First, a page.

Ghosts in the Schoolyard, education sociologist Eve Ewing’s new book about the 2013 Chicago school closings, answers the question, “Why do people care so much about schools that the world has deemed to be ‘failing’?” Ewing does so by delving into the history, politics and sociology of Bronzeville, one of Chicago’s most historic African-American neighborhoods, reporting on events from a personal, academic and journalistic viewpoint.

Eighty-eight percent of students attending schools closed in 2013 were Black. Using humor, compassion and righteous anger, Ewing explains the racist Chicago history that led to the closings, including segregation, the construction and destruction of housing projects, and the lack of affordable housing and jobs in Chicago. Parents didn’t “vote with their feet,” which Chicago Public Schools claimed was the reason for under-populated schools. Black people were driven out of the city.

Ghosts in the Schoolyard is an academic book, based on thorough and thoughtful research, and it is also a page-turner. If this seems contradictory, it is because Ewing is an extraordinary writer, and is able to make complex concepts understandable and interesting to a wide variety of readers. Teachers, after you’ve read this book, consider assigning it to your high school students.   —Carol Caref, Ph.D., CTU Education Policy Director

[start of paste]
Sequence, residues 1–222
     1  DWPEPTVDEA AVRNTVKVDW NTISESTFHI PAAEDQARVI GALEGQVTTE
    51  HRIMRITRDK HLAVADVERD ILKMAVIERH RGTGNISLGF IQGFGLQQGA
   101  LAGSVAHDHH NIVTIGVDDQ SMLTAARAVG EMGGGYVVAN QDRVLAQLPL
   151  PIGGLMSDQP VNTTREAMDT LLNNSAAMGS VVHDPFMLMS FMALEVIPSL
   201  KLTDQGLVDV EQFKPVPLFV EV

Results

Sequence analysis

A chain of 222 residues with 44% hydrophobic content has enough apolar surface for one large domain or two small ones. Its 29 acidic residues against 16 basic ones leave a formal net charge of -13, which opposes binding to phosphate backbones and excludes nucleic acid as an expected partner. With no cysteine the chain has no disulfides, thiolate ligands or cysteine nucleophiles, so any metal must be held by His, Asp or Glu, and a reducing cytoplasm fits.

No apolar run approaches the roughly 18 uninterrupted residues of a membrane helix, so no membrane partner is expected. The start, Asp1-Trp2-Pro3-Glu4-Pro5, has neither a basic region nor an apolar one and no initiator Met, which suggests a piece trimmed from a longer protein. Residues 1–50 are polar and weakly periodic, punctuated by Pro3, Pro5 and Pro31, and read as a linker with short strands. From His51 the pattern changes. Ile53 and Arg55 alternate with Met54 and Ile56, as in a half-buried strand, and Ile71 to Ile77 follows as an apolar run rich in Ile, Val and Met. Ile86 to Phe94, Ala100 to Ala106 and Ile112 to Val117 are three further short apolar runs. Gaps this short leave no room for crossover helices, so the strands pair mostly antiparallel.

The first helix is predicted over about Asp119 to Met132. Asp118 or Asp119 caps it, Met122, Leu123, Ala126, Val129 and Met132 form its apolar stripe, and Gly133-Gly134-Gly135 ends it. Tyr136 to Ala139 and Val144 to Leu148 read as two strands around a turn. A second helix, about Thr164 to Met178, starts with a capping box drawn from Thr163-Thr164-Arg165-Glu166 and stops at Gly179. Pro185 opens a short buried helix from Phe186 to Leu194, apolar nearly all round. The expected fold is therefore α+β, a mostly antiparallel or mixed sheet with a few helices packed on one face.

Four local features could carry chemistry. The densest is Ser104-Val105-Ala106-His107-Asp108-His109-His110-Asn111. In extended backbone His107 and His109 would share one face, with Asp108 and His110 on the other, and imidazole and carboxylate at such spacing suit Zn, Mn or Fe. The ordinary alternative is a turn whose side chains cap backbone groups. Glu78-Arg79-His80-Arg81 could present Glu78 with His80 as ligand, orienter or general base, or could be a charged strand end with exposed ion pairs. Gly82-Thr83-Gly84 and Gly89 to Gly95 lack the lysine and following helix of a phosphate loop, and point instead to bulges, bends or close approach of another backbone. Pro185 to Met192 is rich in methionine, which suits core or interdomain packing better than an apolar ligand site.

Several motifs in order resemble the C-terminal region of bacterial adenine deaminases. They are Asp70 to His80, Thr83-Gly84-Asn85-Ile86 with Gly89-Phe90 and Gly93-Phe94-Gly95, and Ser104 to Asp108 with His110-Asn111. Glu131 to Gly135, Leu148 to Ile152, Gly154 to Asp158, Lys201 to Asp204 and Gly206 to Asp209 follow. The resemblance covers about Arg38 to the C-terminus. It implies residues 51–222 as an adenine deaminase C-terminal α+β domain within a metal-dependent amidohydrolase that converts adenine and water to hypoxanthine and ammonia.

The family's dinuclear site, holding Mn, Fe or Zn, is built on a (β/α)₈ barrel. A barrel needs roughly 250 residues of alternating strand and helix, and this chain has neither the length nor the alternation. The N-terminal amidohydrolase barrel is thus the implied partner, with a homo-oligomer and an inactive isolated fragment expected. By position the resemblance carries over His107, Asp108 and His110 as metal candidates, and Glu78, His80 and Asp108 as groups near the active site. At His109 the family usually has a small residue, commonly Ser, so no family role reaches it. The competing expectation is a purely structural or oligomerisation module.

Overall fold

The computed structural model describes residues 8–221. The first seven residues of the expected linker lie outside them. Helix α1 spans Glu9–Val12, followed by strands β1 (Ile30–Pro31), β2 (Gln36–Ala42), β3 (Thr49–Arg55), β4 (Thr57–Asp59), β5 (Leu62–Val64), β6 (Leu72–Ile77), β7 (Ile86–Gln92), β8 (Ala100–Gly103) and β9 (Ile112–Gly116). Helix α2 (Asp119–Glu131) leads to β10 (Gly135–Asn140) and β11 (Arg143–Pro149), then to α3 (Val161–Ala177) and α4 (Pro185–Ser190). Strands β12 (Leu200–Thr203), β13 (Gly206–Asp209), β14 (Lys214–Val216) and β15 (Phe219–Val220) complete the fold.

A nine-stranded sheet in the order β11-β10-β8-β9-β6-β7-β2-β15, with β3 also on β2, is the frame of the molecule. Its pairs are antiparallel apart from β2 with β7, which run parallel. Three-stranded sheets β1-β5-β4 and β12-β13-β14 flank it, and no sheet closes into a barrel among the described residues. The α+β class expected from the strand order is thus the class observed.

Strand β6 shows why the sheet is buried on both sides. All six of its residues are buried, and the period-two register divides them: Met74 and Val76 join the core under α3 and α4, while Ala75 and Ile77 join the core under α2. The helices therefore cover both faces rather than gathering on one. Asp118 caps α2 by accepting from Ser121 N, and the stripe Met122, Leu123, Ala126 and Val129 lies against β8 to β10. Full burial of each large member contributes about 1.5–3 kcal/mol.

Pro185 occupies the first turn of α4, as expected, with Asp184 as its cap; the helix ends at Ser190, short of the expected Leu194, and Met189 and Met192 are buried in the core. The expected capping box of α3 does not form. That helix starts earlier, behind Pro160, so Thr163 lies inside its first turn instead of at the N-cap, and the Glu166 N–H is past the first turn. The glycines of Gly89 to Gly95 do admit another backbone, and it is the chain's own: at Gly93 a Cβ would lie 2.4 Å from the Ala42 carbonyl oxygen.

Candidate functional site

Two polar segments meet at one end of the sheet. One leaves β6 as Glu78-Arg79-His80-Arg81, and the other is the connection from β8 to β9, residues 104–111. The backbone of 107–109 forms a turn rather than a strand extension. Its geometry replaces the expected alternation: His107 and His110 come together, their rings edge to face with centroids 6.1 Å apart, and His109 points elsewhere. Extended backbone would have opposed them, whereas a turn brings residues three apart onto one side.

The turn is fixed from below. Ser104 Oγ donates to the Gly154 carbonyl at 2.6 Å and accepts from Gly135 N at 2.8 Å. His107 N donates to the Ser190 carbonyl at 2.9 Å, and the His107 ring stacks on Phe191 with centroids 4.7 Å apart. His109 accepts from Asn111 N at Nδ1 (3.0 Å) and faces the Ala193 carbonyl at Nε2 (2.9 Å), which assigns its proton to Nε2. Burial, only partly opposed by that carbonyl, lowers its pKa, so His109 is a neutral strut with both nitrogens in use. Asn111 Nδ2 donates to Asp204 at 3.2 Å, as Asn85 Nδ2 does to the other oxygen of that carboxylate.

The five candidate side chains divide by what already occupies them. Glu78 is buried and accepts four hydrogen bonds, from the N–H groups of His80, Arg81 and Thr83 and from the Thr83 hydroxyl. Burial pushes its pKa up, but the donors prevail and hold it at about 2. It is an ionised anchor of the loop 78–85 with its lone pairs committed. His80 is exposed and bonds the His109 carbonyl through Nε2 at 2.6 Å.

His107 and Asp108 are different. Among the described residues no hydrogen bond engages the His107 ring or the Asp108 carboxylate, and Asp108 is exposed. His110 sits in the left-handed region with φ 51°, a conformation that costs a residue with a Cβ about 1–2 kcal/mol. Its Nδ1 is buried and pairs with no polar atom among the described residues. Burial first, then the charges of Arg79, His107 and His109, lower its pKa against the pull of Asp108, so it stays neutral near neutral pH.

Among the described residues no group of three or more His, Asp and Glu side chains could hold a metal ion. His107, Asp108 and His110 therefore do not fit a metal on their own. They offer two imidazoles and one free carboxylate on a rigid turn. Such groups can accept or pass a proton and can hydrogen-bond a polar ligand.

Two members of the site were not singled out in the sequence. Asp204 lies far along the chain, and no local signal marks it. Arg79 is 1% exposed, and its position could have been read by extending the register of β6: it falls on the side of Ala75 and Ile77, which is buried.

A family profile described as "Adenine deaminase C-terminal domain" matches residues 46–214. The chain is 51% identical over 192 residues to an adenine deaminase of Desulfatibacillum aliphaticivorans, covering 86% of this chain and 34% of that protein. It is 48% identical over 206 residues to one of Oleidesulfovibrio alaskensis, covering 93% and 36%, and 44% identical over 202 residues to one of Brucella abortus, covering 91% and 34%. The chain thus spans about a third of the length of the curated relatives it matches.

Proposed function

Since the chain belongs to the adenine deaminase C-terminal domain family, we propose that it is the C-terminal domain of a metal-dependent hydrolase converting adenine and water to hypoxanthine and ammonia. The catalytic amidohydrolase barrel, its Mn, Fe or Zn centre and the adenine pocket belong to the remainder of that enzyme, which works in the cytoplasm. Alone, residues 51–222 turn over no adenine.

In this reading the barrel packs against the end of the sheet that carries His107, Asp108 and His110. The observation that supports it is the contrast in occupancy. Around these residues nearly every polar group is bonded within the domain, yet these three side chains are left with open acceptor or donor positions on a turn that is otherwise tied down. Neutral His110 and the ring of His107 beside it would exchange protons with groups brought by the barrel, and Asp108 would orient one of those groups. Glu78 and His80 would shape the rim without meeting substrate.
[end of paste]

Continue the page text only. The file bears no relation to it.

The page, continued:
Join us Oct. 18 at the CTU Center for the official launch party for Ghosts in the Schoolyard: Racism and School Closings on Chicago’s South Side. This free event will feature a reading from the book, commentary and updates from organizers at the forefront of the struggle for public education in Chicago, a Q&A and a book signing. General admission is free. Admission plus a copy of the book is $25. Tickets are available at

This article appears in the September 2018 issue of the Chicago Union Teacher.